In May 2009, Emil and two of his children retraced his WWII steps in Europe with other members of the 65th Infantry Division Association. He was present to help commemorate the new plaque installed at Mauthausen outside of Linz, Austria, in recognition of the U. S. Army 65th Division and the 131st Evacuation Hospital, which provided humanitarian services for the Mauthausen concentration camp survivors after the time of their liberation in early May, 1945. Emil was also honored to travel with the Texas Permian Basin Honor Flight to visit Washington, D.C, as a World War II veteran in September 2014.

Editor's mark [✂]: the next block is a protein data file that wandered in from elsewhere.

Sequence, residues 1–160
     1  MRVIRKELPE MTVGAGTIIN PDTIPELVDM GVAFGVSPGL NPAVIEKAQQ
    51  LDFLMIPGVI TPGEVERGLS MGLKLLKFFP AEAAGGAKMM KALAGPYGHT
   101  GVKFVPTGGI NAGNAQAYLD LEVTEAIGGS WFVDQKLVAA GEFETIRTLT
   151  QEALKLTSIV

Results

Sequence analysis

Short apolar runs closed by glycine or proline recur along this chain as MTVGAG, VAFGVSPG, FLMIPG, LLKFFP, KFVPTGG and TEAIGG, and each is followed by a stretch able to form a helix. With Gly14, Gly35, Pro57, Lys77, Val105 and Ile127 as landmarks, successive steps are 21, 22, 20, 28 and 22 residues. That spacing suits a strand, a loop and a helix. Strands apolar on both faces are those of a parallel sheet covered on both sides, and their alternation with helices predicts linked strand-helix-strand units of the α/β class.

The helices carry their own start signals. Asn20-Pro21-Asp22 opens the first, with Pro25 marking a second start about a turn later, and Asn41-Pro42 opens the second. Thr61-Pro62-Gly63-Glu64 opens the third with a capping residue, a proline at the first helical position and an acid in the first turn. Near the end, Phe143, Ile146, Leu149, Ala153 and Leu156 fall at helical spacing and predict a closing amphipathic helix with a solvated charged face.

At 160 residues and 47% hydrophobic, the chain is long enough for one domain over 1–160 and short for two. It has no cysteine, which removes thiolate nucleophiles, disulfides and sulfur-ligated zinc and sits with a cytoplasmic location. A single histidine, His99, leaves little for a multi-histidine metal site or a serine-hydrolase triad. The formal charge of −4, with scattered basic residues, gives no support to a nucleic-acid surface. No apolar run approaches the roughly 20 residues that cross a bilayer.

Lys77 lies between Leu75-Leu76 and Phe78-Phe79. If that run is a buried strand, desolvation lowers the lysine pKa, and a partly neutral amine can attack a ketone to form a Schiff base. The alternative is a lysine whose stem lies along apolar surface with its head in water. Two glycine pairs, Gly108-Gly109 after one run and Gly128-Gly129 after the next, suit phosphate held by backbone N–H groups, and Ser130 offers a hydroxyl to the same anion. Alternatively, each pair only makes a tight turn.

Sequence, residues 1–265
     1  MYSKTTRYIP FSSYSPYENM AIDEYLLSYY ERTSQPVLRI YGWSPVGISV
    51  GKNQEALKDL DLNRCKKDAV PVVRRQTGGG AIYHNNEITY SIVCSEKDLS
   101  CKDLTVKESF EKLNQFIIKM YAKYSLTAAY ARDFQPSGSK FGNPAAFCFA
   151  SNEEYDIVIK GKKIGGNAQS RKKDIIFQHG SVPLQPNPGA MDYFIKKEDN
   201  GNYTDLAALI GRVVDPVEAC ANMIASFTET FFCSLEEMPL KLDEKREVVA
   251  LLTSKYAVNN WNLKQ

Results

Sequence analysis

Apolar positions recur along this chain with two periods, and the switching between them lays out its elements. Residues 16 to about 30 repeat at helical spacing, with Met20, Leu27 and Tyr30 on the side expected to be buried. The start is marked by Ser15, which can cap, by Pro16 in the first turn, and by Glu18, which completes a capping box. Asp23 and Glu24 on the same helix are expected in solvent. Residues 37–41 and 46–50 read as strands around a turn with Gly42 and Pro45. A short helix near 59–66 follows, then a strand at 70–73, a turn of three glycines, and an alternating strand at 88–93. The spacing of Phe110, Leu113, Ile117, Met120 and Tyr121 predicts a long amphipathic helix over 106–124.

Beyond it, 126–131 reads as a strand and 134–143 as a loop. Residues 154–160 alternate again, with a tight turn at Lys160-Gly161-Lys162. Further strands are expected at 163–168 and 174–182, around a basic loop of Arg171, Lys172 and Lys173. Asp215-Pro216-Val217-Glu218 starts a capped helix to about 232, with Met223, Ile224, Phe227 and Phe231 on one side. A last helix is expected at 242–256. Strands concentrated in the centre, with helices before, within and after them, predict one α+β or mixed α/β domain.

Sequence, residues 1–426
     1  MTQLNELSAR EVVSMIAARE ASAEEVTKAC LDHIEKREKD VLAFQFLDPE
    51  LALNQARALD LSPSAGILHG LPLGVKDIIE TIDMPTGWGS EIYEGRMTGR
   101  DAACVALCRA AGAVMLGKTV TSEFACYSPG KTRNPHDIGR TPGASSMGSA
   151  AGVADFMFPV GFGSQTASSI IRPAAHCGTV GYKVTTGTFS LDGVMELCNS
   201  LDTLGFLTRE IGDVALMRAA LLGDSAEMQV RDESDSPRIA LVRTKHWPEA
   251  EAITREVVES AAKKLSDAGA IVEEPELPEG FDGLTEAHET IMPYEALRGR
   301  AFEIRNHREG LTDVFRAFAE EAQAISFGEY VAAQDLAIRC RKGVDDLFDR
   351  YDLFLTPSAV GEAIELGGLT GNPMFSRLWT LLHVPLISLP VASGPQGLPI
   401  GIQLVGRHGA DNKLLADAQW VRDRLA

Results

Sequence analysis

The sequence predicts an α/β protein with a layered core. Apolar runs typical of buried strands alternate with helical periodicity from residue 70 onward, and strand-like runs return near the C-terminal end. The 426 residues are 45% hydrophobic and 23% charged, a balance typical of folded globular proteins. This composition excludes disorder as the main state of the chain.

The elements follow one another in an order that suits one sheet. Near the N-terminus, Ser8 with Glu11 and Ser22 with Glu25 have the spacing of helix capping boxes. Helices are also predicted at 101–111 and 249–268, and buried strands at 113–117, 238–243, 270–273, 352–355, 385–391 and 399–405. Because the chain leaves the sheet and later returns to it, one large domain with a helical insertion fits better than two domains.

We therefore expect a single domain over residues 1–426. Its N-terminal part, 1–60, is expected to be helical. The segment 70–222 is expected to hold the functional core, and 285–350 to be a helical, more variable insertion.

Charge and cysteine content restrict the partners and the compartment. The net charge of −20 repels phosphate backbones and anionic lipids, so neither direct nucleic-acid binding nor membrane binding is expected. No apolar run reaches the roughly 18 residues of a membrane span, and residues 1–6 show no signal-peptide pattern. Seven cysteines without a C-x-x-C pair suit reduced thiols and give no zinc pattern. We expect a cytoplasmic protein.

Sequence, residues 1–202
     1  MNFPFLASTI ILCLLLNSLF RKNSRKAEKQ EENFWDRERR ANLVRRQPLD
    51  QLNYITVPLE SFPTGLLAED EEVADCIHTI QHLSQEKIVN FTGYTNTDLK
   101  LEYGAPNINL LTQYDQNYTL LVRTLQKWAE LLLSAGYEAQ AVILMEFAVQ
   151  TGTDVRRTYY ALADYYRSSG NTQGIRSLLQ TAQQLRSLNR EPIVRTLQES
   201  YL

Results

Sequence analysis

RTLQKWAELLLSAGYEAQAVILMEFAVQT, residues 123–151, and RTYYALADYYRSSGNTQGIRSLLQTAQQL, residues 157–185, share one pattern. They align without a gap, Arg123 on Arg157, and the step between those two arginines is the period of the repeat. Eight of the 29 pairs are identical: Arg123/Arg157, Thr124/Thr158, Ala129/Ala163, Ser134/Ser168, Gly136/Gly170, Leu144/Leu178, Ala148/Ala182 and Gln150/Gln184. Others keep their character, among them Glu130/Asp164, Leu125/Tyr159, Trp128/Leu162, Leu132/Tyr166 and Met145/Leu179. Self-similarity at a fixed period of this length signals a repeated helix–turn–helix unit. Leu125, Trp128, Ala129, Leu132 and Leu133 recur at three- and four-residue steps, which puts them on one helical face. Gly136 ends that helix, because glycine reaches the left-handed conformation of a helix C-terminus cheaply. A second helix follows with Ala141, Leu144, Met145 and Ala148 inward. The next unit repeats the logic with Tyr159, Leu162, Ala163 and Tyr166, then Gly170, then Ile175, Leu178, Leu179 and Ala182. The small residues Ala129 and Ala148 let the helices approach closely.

Emil believed in using one’s initiative to do what needed to be done, in being honest and honoring one’s word, making a plan and sticking to it, being on-time, taking responsibility for oneself and one’s family, serving one’s community and country. He was a “go-getter” and learned through his early life experiences to take advantage of opportunities when they came his way. Emil was by nature industrious, hard-working, disciplined, deliberate in his words and actions, practical, hospitable, and generous. He had a discerning mind and a kind, tender heart toward others. He was said by a friend to be “a great connector of all kinds of things.” Emil was an eternal optimist, and he refused to listen to naysayers when he had a vision and a mission. He didn’t gossip. He was creative, mindful, and a “Force” until his last days.